Elephants in the Fall by Dwayne Betts

guest-edited by Danielle Evans

for Micah and Miles

I. Micah Michael Zamir Betts

November’s flame in that year of hard sunsets,
of winter’s plangency & days where sleeplessness    
& cognac ran together.
All our thoughts were beginnings,
and you were the roundness
that grew to a moon
above your mother’s hips.
We waited without a name 
for your wonder
& three days after your birth
twice named you after the uncle
you’ll never meet. The names 
questions: Micah, who resembles God.
Michael, who reminds us who has gone too soon.
And we pronounced Micah as we wanted: Mekhi,
              because I always root for the kid from Clockers.
& now when on most days your body
is all blur and bustle - 

Our song is how right we got it,
when the light from that moon spilled
out of your mother’s belly, I tell
             you, you were smiling then,
as if you knew you were the first song
that found me worthy.


II. Miles Thelonious Betts

Named after the trumpet,
after the sound that comes from all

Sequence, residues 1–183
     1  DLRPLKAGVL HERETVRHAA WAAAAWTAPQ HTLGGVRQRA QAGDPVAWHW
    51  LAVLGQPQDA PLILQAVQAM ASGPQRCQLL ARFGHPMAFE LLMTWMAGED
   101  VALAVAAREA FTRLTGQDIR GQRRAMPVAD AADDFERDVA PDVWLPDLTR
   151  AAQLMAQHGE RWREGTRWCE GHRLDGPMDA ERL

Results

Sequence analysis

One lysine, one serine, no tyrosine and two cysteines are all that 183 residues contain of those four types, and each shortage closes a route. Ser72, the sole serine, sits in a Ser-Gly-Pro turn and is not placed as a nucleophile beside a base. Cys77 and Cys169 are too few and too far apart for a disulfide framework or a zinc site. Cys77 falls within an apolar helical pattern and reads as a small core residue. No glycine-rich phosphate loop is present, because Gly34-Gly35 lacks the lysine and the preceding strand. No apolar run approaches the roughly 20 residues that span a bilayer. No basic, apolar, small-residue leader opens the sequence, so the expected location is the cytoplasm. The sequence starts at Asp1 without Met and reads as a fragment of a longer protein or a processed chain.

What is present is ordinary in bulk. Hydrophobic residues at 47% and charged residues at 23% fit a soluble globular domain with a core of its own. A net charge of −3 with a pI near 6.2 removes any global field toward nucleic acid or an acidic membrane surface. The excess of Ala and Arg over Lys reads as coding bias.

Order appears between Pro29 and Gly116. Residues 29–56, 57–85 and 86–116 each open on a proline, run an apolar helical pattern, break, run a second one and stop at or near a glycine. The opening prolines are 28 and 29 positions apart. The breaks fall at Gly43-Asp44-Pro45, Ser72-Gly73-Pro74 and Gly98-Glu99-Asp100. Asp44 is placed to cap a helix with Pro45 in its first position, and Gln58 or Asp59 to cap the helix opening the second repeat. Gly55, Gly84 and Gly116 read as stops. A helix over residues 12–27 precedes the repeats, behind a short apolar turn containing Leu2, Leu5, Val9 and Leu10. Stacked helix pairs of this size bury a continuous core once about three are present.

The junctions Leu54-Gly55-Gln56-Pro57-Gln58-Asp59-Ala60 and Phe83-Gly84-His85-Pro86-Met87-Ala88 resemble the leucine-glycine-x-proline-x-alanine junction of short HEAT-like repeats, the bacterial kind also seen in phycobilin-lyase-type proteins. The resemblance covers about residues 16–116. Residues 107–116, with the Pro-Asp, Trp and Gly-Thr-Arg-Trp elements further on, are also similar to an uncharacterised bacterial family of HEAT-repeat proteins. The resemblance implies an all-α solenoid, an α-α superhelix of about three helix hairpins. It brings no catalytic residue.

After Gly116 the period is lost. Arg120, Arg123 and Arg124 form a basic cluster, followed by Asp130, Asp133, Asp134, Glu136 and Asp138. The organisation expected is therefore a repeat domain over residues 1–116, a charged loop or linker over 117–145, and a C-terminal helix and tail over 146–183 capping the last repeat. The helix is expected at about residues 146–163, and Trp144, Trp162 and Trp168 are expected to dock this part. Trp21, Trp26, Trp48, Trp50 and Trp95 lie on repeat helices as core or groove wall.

the hurt & want that leads a man 
to turn his back to the world. We named 
you after Monk, too, 
because sometimes you have to: 
stack legends in a single body
already big enough for the sound of them, 
& we imagined that you gave us 
a different tune,
a way to bang keys into each
other until our lives
filled with unexpected music.
I hear you call me daddy
in this land where my father’s
name is sometimes another word
for grave, and I almost pause. It’s the song 

that wants to unravel me.
More crow than
swan, I’ve always been so much cage 
& caged in. & all that changes when we square 
m. This old riff on a shotgun
marriage calls us back: 
your mother’s hand in mine & the shotgun is 
what we aim at the world that threatens,

and I scoop you in my arms,
& you are calling us. Again.

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Contributor Notes

Reginald Dwayne Betts is a writer and poet. Four Way Books will publish his latest collection of poems, Bastards of the Reagan Era. His first collection of poems, Shahid Reads His Own Palm, won the Beatrice Hawley Award. Betts’ memoir, A Question of Freedom: A Memoir of Learning, Survival, and Coming of Age in Prison, was the recipient of the 2010 NAACP Image Award for non-fiction. His writing has also led to a Soros Justice Fellowship, a Radcliffe Fellowship, a Ruth Lily Fellowship, and a Pushcart Prize. In addition to his writing, Mr. Betts serves as the national spokesperson for the Campaign for Youth Justice and was appointed to the Coordinating Council of the Office of Juvenile Justice and Delinquency Prevention by President Barack Obama. He is currently a student at Yale Law School.